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Policy debate, commonly referred to as LARP debate, simulates the effects of passing the resolution as a policy option. Plans, counterplans, and disadvantages are commonly read with this style of debate. The framework associated with policy debates is usually utilitarian - minimizing pain and maximizing pleasure.
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Critical debate explores a large ranges of topics but usually challenges underlying assumptions of the world and the round, centered around a particular theoretical worldview. These arguments include kritiks ran by the negative debater and non-topical affirmatives that choose not to defend the resolution in order to talk about a different issue.
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Theoretical debates attempt to prove that an action another debater commits in the round has a negative consequence on the debate itself. Theoretical debates commonly prove why a debater's action is unfair or uneducational for the debate space and provide a alternative model for which debate should operate.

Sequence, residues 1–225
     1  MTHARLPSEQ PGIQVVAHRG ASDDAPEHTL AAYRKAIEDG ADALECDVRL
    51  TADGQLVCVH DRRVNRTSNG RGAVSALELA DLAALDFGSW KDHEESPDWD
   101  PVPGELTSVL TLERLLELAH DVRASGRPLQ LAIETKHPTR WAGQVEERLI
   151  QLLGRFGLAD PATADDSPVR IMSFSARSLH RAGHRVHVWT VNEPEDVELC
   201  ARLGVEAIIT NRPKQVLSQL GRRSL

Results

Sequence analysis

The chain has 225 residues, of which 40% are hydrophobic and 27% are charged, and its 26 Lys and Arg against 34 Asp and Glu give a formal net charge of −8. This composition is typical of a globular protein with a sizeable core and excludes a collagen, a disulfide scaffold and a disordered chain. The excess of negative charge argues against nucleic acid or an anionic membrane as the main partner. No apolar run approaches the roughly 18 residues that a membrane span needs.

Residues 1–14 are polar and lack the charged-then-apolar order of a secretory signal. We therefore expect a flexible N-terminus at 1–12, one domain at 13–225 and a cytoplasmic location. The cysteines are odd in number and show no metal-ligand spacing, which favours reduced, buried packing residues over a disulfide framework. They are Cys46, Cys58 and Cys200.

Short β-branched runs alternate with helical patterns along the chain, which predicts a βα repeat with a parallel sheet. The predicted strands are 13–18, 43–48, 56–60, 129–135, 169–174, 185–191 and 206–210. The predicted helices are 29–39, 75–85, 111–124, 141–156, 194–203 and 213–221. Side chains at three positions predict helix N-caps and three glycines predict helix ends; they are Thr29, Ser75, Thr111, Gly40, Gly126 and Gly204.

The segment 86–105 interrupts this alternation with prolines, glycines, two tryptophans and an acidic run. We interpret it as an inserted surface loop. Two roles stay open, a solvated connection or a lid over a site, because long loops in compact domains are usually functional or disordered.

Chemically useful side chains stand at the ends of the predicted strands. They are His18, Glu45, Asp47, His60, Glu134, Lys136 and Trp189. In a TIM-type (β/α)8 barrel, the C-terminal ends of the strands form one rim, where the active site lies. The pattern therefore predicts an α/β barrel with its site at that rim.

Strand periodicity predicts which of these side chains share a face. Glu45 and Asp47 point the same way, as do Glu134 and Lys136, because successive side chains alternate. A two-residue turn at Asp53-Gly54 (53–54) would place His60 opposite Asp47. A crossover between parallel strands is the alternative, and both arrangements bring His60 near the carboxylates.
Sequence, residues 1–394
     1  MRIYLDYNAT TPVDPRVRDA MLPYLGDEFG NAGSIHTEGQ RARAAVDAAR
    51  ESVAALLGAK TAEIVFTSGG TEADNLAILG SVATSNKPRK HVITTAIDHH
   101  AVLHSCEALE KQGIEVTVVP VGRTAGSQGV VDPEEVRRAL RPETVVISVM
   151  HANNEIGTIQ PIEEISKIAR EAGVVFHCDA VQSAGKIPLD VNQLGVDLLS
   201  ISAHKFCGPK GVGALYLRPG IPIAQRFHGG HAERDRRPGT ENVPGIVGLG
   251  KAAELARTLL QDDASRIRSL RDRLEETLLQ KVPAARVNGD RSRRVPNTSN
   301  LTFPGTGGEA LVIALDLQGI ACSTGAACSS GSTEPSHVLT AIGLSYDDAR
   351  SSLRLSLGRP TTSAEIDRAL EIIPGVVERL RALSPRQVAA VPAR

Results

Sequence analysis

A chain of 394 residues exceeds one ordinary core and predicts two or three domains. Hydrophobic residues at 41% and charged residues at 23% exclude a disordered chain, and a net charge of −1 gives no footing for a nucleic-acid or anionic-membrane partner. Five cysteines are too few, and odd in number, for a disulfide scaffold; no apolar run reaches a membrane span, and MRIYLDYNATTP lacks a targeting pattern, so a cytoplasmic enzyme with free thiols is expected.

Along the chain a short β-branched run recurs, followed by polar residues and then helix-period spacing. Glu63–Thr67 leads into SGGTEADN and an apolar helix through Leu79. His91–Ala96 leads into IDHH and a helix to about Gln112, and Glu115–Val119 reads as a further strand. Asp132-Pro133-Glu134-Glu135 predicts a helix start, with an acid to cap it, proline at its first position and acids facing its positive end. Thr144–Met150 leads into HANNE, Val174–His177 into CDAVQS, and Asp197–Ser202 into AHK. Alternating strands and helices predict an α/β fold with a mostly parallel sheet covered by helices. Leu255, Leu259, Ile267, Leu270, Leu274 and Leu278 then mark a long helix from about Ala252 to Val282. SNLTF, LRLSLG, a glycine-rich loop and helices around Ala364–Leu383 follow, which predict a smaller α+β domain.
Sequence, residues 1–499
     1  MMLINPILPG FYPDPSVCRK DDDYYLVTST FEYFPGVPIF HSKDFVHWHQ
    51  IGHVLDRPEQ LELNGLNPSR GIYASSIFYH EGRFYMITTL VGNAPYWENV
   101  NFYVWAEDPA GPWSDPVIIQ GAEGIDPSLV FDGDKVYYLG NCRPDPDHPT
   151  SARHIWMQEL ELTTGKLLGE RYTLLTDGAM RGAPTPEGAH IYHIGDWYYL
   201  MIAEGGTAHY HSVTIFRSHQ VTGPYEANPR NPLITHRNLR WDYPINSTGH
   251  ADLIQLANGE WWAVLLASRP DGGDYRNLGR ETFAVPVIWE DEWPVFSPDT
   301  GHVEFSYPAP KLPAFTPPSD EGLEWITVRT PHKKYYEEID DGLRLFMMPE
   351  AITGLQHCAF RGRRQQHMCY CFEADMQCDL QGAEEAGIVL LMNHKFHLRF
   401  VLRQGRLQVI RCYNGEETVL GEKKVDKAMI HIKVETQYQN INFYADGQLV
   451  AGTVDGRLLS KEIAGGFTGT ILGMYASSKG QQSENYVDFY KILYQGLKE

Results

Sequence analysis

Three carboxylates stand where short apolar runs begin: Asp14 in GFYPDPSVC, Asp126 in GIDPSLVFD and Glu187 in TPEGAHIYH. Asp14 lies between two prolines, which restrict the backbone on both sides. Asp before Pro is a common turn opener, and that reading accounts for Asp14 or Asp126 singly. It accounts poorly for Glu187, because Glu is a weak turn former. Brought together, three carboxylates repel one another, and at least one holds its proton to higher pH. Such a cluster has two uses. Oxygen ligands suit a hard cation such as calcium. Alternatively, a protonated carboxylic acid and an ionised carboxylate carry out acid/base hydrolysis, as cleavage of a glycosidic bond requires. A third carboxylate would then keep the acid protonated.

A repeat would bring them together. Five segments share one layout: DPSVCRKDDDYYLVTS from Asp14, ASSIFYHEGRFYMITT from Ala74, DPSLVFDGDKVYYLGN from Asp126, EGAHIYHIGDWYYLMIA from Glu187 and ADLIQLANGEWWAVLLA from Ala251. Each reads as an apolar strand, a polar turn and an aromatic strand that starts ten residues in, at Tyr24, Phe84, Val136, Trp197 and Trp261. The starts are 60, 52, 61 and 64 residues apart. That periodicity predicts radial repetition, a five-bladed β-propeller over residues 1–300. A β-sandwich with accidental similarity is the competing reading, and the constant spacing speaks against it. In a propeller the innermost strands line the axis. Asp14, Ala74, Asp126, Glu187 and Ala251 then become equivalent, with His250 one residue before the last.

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Philosophical debates attempt to prove the resolution true or false through a philosophical framework that is used to describe what constitutes morality. There are many different veins of philosophy, ranging from postmodern authors such as Michel Foucalt to Enlightenment Era philosophers like Immanuel Kant.
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Tricks debate is often used as a catch all term for a variety of arguments considered tricky, abusive, or designed to invalidate large amounts of the other debater’s offense.
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